Shadowgun is a bit more than a tech demo, but it’s a lot less than an actual game.  You basically do the same thing for every level, with little variety or creation in the objectives, and I was bored after 15 minutes of play.  Like I said before, it looks absolutely fantastic.  But, looks aren’t everything in the App Store.

Shadowgun was developed by Madfinger Games, and I played through version 1.0.4 on my iPhone 4 and iPad 2.  The price is $4.99.

All of the Real Racing Games on Sale, Drive as Crazily as You Want for Less Money

The sheer sound of the name Real Racing gets me creating all types of images and words in my mind: awesome, realistic, graphically ground-breaking… the list can go on and on and on.

And if you haven’t been a part of this ground-breaking experience yet, Firemint has made it a little less of a pop to your wallet by putting its Real Racing games on a sale of up to 80%.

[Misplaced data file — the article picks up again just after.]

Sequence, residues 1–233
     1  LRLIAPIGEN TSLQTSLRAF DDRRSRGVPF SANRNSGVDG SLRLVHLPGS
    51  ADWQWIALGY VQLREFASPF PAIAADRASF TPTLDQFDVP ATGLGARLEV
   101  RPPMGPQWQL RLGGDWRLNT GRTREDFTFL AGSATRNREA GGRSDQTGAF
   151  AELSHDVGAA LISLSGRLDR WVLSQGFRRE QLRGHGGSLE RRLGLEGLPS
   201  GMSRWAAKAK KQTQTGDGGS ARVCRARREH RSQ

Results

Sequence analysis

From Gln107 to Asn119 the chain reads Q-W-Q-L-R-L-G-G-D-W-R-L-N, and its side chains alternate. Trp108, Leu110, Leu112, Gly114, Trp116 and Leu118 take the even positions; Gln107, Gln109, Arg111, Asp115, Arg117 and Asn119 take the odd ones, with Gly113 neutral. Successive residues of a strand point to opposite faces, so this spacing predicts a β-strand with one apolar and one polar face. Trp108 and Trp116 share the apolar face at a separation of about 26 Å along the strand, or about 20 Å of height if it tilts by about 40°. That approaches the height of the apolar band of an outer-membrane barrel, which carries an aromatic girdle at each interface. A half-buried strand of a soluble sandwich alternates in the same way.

The original Real Racing is $0.99, the HD version is $1.99; Real Racing 2 is put at $4.99, and Real Racing 2 HD at $5.99.  In my personal opinion, if you have an iPad, I suggest just picking up Real Racing 2 HD, as it’s one of the most technologically-advanced game out so far, along with the fact that it will support the mirror display feature once iOS 5 is released.

And if you own an iPhone, you really cannot go wrong with Real Racing 2, although the original Real Racing is still quite a steal at $0.99.

And if you’re still not convinced, be sure to check out our reviews on the Real Racing titles.


Pulse: Volume One Review: Interesting Concept, But Fairly Raw Gameplay